Although the senator did not elaborate, E85 is so called because it is 85 percent ethanol, a product whose profits accrue to a small group of corporate corn growers led by Illinois-headquartered Archer Daniels Midland. Not surprisingly, agribusiness is a primary advocate of E85, as are such automobile manufacturers as Ford, which donated Pike’s car. The automakers love E85 because it allows them to look environmentally correct (“Live Green, Go Yellow,” goes GM’s advertising pitch for the fuel) while producing vehicles, mostly highly profitable and fuel-guzzling SUV and pickup models, that can run on regular gasoline as well as on E85.
Obama had essentially marshaled his twenty minutes of undeniably moving oratory to plump for the classic pork-barrel cause of every Midwestern politician.
Ken adds in a footnote:
 Since producing most domestic ethanol requires large amounts of fossil fuel, and regular gasoline provides about 30 percent more mileage per gallon than E85, it’s arguably preferable from a conservation standpoint to drive a standard gasoline car rather than a flex-fuel vehicle.
Then, after lauding Obama’s early Senate advocacy of leftish causes, Silverstein notes this stunning list of Beltway integration moves:
Yet it is also startling to see how quickly Obama’s senatorship has been woven into the web of institutionalized influence-trading that afflicts official Washington. He quickly established a political machine funded and run by a standard Beltway group of lobbyists, P.R. consultants, and hangers-on. For the staff post of policy director he hired Karen Kornbluh, a senior aide to Robert Rubin when the latter, as head of the Treasury Department under Bill Clinton, was a chief advocate for NAFTA and other free-trade policies that decimated the nation’s manufacturing sector (and the organized labor wing of the Democratic Party). Obama’s top contributors are corporate law and lobbying firms (Kirkland & Ellis and Skadden, Arps, where four attorneys are fund-raisers for Obama as well as donors), Wall Street financial houses (Goldman Sachs and JPMorgan Chase), and big Chicago interests (Henry Crown and Company, an investment firm that has stakes in industries ranging from telecommunications to defense). Obama immediately established a “leadership PAC,” a vehicle through which a member of Congress can contribute to other politicians’ campaigns—and one that political reform groups generally view as a slush fund through which congressional leaders can evade campaign-finance rules while raising their own political profiles.
In other words, Obama built a Washington machine, just like the one he built to defeat Bobby Rush in Illinois, once he realized he needed one. The whole piece makes a fine read; it’s a remarkable bit of original reporting.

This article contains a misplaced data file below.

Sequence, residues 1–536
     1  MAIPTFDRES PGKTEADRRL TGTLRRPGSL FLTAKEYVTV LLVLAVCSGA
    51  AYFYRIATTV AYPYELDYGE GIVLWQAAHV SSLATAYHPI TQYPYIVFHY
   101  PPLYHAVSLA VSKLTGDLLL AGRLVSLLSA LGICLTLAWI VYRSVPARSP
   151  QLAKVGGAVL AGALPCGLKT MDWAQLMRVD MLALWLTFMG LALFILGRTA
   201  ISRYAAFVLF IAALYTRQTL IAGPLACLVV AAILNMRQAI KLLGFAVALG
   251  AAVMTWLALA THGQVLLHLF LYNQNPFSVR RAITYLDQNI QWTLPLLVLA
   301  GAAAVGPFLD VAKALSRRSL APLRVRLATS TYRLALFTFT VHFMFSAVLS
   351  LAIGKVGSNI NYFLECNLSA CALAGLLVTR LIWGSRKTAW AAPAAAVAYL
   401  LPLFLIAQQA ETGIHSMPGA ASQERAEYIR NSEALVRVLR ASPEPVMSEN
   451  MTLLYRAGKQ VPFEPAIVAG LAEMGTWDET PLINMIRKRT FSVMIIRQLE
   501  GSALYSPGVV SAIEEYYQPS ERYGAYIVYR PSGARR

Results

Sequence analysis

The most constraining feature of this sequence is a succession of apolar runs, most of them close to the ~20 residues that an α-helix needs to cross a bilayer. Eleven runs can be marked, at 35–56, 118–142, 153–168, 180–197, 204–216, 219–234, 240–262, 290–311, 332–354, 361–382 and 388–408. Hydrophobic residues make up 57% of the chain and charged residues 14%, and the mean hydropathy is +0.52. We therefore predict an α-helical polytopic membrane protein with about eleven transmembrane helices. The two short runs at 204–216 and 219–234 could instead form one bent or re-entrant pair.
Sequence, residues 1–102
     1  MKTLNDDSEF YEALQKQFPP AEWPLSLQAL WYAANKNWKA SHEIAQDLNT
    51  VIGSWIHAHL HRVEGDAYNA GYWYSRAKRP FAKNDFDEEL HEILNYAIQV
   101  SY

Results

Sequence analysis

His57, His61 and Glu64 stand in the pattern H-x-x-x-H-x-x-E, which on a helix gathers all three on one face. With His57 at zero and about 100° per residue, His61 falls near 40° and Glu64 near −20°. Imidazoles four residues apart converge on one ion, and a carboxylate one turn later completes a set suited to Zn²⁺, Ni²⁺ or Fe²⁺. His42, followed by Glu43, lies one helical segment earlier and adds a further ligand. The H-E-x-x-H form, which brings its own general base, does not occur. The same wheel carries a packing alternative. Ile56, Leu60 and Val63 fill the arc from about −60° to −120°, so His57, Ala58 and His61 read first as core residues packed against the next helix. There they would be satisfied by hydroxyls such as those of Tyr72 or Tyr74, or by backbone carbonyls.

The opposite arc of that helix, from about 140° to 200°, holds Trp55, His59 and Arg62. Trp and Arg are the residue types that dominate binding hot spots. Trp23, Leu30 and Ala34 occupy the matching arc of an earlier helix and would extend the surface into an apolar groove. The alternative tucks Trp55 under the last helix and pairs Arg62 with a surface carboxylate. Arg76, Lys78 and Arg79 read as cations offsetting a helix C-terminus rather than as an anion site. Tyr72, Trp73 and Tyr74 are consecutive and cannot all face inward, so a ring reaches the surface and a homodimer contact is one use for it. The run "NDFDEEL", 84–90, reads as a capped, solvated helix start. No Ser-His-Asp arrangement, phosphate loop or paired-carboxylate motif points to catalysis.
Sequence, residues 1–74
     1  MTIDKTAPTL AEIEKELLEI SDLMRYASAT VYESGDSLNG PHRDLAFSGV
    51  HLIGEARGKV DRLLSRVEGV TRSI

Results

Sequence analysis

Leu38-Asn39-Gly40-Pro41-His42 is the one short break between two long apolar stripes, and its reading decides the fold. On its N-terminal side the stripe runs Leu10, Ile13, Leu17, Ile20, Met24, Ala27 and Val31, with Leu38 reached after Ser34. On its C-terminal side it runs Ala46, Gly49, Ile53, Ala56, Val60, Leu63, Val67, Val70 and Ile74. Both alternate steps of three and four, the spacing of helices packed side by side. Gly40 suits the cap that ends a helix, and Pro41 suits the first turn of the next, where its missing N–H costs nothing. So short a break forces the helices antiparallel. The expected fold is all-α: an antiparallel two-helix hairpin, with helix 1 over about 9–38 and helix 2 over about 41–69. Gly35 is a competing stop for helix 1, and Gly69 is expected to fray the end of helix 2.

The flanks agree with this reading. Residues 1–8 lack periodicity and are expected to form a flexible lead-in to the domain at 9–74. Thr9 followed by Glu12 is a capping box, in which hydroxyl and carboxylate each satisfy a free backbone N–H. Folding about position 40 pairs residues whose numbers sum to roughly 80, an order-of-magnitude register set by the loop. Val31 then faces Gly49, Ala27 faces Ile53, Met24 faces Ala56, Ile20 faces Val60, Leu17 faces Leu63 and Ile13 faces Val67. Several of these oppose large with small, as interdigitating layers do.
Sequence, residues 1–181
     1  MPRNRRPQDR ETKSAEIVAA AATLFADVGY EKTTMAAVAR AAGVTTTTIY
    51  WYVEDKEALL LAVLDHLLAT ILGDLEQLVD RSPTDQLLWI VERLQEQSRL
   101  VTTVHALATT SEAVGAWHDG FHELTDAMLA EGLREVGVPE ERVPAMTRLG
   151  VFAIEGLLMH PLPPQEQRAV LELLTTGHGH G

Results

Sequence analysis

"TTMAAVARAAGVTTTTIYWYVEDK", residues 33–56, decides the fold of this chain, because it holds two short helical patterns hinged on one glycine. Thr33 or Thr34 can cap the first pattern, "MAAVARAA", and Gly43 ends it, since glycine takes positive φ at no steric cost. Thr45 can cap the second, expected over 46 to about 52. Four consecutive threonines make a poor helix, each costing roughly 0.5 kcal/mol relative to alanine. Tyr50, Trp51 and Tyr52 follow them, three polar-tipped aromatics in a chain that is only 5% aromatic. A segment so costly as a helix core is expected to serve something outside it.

Is it possible that Obama’s just a machine politician in the generic sense, but a machine he’s at the top of, not in the middle of? (Remember how he shut down outside funding groups like MoveOn in the 2008 election? It’s not your machine if you’re not in charge.)
If so, Obama’s loyalties are, to all appearances, to his machine and his own career. Something to think about when you think about Obama and his motives.
You can always do what many do and excuse him for weakness (this comfortingly assumes he’s on your side, but not good at it). Or you can go with Drew Westen’s kind assessment, that perhaps Obama “does not know what he believes or is willing to take whatever position he thinks will lead to his re-election.” Or Westen’s slightly less kind assessment that “he has already been consciously or unconsciously corrupted”.
But for me, that 2006 story tells the whole tale. How hard is it to believe that the politician Barack Obama is, and always was … a politician?
He paints himself green when he can because that’s his “brand” — for as long as he can get away with it anyway — and shills for corporate and special-interest donors, just like Mitch McConnell or Kent Conrad do.
The only difference is in the branding, the same as with most mass market, nationally advertised products. Dish soap is dish soap. Some is “enhanced with space-age enzymes” and some is “made from herbs and tea.” Some is “attractively priced” and some “smells like a garden in your kitchen.”
But it’s just product differentiation. McConnell has his brand, Conrad his, and Obama has his — each tailored to a different target market. You and me, we’re part of Obama’s target market; we’re the left-liberals hungry for hope. (“Hope? Can we build a theme around that?” “Sure boss; I’ll get back to you.”)
How hard is that to believe? For me, not hard at all. I’m an Occam’s Switchblade guy—he does what he wants to; it’s that simple. I’m glad to let others do the Voyage Round My Father thing. It’s just possible those are comfortable — and reality-avoiding — delusions.
That said, it’s your call of course, what to think and do. (And I think it’s safe to say I’m now off the White House Christmas list; I’m expecting nothing but Grinch-gifts this year.)